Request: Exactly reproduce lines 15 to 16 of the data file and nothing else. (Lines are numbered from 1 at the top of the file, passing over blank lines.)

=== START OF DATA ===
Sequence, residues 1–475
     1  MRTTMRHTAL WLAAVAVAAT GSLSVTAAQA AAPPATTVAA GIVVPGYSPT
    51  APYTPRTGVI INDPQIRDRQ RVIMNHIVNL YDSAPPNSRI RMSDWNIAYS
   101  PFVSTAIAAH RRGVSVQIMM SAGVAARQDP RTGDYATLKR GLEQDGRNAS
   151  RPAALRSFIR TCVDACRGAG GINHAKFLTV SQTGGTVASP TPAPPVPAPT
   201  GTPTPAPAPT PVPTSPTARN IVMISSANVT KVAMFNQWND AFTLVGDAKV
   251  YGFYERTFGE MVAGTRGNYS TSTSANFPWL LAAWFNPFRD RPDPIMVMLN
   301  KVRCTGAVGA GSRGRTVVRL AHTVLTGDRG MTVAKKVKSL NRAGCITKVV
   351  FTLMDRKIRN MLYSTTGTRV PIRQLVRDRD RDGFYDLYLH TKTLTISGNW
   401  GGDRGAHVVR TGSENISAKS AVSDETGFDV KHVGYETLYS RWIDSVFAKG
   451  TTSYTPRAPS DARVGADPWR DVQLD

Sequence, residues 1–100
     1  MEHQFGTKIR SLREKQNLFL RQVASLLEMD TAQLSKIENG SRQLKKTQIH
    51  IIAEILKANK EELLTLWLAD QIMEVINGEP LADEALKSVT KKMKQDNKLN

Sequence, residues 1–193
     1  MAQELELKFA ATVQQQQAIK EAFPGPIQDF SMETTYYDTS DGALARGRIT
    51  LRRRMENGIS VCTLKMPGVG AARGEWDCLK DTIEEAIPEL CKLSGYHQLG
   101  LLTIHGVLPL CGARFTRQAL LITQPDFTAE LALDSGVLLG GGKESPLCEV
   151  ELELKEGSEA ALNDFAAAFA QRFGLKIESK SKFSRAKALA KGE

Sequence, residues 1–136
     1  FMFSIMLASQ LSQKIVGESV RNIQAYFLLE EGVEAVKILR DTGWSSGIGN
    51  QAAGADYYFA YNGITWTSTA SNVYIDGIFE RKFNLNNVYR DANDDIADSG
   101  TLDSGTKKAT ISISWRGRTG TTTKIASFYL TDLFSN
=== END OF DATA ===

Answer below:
Sequence, residues 1–193
     1  MAQELELKFA ATVQQQQAIK EAFPGPIQDF SMETTYYDTS DGALARGRIT